Contribute to the Review
Open call(s) for papers
The Review principally solicits articles, but it also invites the submission of articles on the following topic(s):
Standing call for papers
The Review invites the submission of articles from anyone aspiring to become a respected voice in the fields of IHL, humanitarian policy and action:
The Review also publishes selected articles not related to the main themes of its editions, and welcomes submissions on relevant aspects of humanitarian law, policy and action including topics such as:
- Human rights and IHL;
- Humanitarian access;
- Transformation of the humanitarian sector;
- Cyber warfare;
- The role of States in IHL and humanitarian action.
Past calls for papers
The following calls for papers are now closed:
- International Humanitarian Law and Peace: Lessons for the Future
- Revisiting the Fundamental Principles of the Red Cross and Red Crescent Movement
- Protecting the Environment in Armed Conflict: The Legal and Policy Framework of the Future
- Persons with Disabilities in the Context of Armed Conflict: International Humanitarian Law, Policy and Action
- Organized crime in armed conflicts and other situations of violence: The state of play for international law in the 2020s
For unsolicited submissions, please first send us a short summary/abstract of your proposed article (500 words max). The summary should include a brief overview of the main arguments raised in the article, and most importantly explain why this topic fits within the editorial line of the journal (for further reference, please visit our Guidelines for Authors). The Review will inform you of its decision within 2 weeks maximum. Following a positive assessment, the editorial team will request the author for the submission of their full article to be placed through the normal review process followed by the journal.
Contributors are invited to consult our Guidelines for Authors. Manuscripts may be submitted directly by e-mail in the form of a Word attachment to the attention of the Editor-in-Chief, Bruno Demeyere at: firstname.lastname@example.org. Articles that do not meet the criteria in the guidelines for authors may be returned without review.
The editorial team cannot guarantee publication of any submissions, be they solicited or unsollicited. Authors will be notified once a decision has been reached by the editorial team based on feedback from the peer reviewer(s).
Opinions published in the Review reflect the authors' views only. As the Review is produced and distributed by the ICRC, the Review reserves the right to reject submissions if their publication would jeopardize ICRC operations.
Taking into account the feedback from the peer reviewer(s), the editorial team may reach one of the following decisions: 1) Accept the submission in its current form; 2) Accept with minor revisions; 3) Accept with major revisions, meaning manuscripts will be subject to a second round of review once an updated draft is received; 4) Reject with an invitation to resubmit, meaning that if the author resubmits a revised manuscript it will be treated as a new submission; 5) Reject the submission.
Peer review guidelines
The anonymous peer-review process is there to assist the editorial team in making an objective critical evaluation of the manuscripts we receive for publication and to improve the quality of articles to be published in the Review through constructive comments and suggestions.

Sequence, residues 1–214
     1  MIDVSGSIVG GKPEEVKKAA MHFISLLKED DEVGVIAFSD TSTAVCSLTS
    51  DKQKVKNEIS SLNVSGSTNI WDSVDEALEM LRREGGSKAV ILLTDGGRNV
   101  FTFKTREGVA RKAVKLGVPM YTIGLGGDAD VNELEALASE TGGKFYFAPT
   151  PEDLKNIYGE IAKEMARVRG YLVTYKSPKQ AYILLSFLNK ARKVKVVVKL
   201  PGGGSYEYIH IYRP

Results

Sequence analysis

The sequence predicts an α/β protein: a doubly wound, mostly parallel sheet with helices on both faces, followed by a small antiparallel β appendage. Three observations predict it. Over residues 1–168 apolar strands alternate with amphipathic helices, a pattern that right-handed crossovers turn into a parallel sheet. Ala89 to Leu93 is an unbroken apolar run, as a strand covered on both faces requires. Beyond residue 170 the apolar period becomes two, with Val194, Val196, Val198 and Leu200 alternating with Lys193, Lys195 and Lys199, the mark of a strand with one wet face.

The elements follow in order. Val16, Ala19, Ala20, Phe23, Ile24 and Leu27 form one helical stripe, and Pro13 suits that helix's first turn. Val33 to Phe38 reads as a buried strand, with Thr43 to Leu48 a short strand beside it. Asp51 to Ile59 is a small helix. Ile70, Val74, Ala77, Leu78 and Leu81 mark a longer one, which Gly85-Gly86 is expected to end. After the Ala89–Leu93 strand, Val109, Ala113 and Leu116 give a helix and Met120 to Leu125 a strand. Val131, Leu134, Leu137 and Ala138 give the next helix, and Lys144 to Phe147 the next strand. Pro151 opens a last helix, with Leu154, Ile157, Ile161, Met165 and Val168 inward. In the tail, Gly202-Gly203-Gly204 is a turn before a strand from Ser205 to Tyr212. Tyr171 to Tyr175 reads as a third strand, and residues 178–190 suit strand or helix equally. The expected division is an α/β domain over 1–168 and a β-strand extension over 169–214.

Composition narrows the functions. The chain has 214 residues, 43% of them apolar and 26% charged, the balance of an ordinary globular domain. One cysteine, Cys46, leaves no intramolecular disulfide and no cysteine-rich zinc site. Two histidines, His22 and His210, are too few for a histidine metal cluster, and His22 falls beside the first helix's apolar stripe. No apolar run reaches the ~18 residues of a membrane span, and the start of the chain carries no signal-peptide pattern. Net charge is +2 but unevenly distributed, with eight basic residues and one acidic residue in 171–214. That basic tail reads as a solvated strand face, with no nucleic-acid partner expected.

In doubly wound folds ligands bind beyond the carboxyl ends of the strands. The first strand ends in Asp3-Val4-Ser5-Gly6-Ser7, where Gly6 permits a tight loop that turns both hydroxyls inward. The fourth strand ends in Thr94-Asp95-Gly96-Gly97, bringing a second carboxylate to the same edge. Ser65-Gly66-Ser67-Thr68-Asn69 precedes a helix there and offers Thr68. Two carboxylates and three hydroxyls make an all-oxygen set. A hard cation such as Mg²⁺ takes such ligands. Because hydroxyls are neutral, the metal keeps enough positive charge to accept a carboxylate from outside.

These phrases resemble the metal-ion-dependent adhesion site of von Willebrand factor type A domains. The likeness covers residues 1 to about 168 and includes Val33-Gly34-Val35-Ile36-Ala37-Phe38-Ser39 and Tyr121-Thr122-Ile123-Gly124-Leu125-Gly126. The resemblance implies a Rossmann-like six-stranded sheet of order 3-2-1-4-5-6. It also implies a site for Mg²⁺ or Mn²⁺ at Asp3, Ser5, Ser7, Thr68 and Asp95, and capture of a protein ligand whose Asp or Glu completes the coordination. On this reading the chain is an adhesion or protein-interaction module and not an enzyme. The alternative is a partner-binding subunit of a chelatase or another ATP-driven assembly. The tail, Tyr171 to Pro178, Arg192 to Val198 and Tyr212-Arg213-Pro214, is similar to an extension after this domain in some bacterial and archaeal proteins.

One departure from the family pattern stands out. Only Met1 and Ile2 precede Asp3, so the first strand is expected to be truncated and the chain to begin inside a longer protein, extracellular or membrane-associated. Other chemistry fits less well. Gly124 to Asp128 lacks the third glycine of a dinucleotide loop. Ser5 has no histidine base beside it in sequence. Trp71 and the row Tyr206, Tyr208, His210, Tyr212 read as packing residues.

We hope that the guidelines below will assist our peer reviewers in preparing helpful reviews and we are grateful for the time and commitment they devote to this.
Topic and title
- Has the author put forth an interesting problem or question? Does the problem seem too broad or too narrow? Does it fit with the rest of the proposed topics in the journal? If not, how might the author narrow or broaden the problem/question?
- Do you as a reader care about this problem or question? If not, why not?
- Is the title of the article adequate? Does it convey well the content of the article? Is it catchy? If not – would you suggest a reformulation?
- Is the topic well researched and referenced? Are there important references to the literature on this subject missing? Please point them out.
- Is the information presented accurate? If there are factual/legal inaccuracies, please point them out.
- Is the thesis/question/problem of the article novel and relevant to the overall theme of this issue of the Review?
Structure and argumentation
- Does the author formulate a clear thesis/question/problem at the beginning of the article, and is this developed in the article?
- Does the structure make sense? What works well, and what works less well?
- Has the author made smooth transitions between the different parts/sections of the article?
- Are some sections too long/too short, or irrelevant? Please point them out.
- Is the flow of the arguments logical? Are the connections between arguments logical? If not, why not?
- Does the author provide sufficient support for each point? If not, can you think of more pertinent or persuasive examples?
- Does the author take sufficiently into account other perspectives that exist on the topic? Is the argumentation thorough? If not, what more can be added?
Language and style
- Does the introduction engage you? If not, why not?
- Is the language of the article vivid and clear? Is it grammatically correct? Are the sentences clear and easy to read? What can be improved?
- I recommend publishing this article as it is
- I recommend publishing this article, contingent on minor revisions
- I recommend publishing this article, contingent on major revisions
- I recommend rejecting this article, with an opportunity for re-submission
- I recommend rejecting this article